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can my right honorable friend tell what this government is doing on tackling that unacceptable burden in terms of regulation. >> so what this government does specifically on the retail sectors we've already removed 257 regulations. we have the new in one out one so any minister who wants to reduce any regulation have got to abolish one first but also the red tape challenge means that all regulations are being put up on a website for businesses and individuals to challenge to see what is still necessary and what we can get rid of. >> the whole of the united kingdom we have some excellent industries, businesses, trained staff within those companies but because of the decision of the coalition to put off banking reform until after the next election, surely, that will have
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a detrimental effect on the companies. >> of the failure of banks to lend enough money particularly to small businesses. that is why we put in the merlin agreement in place and banking is not going down as the shadow chancellor is wrong about everything even when he is sending down. bank lending is actually going up. >> of the headquarters in my constituency, perfectly situated to take the green investment bank with the move from derby to the post office sorting center and the evaluation offices and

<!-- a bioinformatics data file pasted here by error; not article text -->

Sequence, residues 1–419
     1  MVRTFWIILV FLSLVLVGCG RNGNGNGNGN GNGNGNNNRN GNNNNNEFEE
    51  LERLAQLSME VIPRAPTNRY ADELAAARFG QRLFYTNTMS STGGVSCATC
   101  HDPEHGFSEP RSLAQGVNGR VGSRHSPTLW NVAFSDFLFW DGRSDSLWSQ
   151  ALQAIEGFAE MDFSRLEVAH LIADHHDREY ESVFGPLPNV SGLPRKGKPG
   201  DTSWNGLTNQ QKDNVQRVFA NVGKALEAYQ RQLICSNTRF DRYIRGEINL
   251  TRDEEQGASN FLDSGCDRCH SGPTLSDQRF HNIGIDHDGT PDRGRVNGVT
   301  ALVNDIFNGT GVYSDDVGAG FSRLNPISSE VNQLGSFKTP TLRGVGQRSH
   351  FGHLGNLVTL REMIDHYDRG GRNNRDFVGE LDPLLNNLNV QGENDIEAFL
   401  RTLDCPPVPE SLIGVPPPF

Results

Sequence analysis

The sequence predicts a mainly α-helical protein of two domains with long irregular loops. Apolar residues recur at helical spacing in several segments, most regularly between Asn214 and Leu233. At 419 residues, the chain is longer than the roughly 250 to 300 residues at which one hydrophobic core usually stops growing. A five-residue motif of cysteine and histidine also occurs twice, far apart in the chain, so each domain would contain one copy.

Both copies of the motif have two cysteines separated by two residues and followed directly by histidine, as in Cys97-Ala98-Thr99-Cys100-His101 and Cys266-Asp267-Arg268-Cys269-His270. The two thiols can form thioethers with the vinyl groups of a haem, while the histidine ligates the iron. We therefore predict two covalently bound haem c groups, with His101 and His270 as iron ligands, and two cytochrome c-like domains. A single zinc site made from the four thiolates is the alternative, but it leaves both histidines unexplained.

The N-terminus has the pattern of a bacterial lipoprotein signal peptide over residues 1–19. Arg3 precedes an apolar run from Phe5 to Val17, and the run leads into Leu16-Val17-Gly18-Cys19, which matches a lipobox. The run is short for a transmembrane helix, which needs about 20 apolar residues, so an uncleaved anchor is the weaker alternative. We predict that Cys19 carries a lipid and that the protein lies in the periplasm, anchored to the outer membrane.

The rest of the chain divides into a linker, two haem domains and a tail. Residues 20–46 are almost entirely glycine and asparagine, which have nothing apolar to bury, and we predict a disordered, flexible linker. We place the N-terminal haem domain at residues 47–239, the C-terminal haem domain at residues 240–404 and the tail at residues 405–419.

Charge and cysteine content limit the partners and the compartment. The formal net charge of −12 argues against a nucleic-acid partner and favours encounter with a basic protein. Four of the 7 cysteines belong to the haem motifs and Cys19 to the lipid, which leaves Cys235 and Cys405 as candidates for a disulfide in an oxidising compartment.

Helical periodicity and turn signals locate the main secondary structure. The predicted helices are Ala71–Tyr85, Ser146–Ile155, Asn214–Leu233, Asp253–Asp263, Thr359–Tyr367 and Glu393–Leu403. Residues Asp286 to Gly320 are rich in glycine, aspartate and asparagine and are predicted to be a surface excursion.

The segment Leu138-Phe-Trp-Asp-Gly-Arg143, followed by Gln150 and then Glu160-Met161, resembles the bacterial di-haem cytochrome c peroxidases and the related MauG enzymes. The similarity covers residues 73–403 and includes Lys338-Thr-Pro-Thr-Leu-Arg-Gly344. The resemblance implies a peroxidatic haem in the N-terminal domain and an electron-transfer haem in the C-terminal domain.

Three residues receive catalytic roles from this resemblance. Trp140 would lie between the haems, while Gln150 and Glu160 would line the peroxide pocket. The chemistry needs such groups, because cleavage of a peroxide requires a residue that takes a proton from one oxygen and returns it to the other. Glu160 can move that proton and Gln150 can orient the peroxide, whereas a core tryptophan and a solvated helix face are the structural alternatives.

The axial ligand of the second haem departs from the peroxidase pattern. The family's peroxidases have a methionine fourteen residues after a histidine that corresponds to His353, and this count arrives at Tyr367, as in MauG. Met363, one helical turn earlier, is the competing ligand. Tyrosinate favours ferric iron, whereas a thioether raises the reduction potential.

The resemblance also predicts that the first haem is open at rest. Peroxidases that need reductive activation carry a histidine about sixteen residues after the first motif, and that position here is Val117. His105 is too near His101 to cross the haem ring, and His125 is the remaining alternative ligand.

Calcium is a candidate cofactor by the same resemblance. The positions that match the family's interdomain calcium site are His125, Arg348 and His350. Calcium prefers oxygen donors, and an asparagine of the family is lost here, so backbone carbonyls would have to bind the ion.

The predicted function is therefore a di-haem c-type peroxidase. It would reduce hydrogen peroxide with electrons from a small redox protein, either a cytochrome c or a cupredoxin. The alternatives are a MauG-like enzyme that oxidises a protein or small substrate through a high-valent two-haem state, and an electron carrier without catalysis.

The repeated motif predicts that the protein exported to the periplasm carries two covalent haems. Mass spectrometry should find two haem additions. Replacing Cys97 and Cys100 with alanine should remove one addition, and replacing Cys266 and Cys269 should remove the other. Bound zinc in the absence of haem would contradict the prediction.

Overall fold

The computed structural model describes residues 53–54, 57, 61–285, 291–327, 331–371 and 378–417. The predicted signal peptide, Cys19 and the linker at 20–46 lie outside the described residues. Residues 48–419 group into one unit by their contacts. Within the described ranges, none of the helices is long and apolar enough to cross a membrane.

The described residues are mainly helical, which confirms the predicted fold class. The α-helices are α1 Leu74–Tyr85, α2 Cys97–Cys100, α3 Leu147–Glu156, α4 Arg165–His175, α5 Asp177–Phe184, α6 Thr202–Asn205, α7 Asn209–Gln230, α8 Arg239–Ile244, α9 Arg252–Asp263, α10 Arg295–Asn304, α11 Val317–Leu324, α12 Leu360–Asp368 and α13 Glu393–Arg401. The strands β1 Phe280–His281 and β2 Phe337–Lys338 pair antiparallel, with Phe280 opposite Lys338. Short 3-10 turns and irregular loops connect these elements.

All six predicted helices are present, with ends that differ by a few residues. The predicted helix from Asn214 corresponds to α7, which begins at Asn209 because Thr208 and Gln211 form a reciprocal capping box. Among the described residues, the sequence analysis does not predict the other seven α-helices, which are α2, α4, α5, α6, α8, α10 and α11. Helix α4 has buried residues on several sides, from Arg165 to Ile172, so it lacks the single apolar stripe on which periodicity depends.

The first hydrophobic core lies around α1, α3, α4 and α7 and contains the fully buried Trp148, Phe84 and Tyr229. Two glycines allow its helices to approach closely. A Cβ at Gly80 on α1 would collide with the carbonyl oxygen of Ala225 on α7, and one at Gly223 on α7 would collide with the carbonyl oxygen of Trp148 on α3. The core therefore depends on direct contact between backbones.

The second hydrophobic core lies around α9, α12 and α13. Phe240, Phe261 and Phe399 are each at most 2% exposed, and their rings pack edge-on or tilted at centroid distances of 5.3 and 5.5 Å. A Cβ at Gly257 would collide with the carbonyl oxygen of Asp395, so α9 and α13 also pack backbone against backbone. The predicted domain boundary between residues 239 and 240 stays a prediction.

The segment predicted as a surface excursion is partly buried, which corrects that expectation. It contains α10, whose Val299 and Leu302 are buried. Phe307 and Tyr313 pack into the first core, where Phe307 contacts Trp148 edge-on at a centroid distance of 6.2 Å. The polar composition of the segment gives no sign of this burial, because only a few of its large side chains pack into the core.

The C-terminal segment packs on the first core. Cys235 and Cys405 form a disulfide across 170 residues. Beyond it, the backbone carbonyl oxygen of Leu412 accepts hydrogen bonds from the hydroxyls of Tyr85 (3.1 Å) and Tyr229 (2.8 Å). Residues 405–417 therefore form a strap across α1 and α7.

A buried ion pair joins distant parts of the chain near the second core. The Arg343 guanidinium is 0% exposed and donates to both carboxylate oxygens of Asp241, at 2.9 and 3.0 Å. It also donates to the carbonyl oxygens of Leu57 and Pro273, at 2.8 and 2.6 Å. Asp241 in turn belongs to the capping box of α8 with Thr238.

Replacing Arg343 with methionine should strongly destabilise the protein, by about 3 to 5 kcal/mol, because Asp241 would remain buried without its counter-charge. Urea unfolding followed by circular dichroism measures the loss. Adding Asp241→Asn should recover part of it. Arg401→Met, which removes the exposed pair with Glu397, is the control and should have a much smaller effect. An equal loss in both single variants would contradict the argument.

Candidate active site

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with the closure of 70 jobs and the potential closure of bombardier would the prime minister encourage thinks secretaries of state to look at sending more civil service jobs to derbyshire so that we can have more employment in the area? >> well, the honorable lady makes an important point and i know there are real concerns because of what's happened at bombardier. and let me say this on the issue of the agreement investment bank i know there will be many bids from many parts of the country to house this excellent institution. on the issue of bombardier let me just say this. i think it's encouraging to hear that they are looking at the possibility of upgrading an existing set of diesel trains running them to use electric power. the fact is about the previous contract we've discussed this in the house before. it was established by the last government. we had to follow those instructions. that's why that contract had to be awarded elsewhere but we are looking to the future of bombardier and the future of